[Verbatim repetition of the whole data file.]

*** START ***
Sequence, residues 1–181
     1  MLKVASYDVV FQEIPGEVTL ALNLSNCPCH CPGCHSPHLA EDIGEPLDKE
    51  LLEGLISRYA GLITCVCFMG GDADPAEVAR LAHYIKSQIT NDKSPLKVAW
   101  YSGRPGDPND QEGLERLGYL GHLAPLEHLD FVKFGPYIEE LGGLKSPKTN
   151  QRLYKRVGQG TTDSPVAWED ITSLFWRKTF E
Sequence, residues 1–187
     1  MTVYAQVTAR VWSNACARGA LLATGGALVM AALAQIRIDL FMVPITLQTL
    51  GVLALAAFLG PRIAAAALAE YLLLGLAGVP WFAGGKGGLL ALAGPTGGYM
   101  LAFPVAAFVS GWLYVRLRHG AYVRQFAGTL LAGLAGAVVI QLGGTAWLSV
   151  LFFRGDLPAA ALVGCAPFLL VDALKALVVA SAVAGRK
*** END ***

Sequence, residues 1–181
     1  MLKVASYDVV FQEIPGEVTL ALNLSNCPCH CPGCHSPHLA EDIGEPLDKE
    51  LLEGLISRYA GLITCVCFMG GDADPAEVAR LAHYIKSQIT NDKSPLKVAW
   101  YSGRPGDPND QEGLERLGYL GHLAPLEHLD FVKFGPYIEE LGGLKSPKTN
   151  QRLYKRVGQG TTDSPVAWED ITSLFWRKTF E
Sequence, residues 1–187
     1  MTVYAQVTAR VWSNACARGA LLATGGALVM AALAQIRIDL FMVPITLQTL
    51  GVLALAAFLG PRIAAAALAE YLLLGLAGVP WFAGGKGGLL ALAGPTGGYM
   101  LAFPVAAFVS GWLYVRLRHG AYVRQFAGTL LAGLAGAVVI QLGGTAWLSV
   151  LFFRGDLPAA ALVGCAPFLL VDALKALVVA SAVAGRK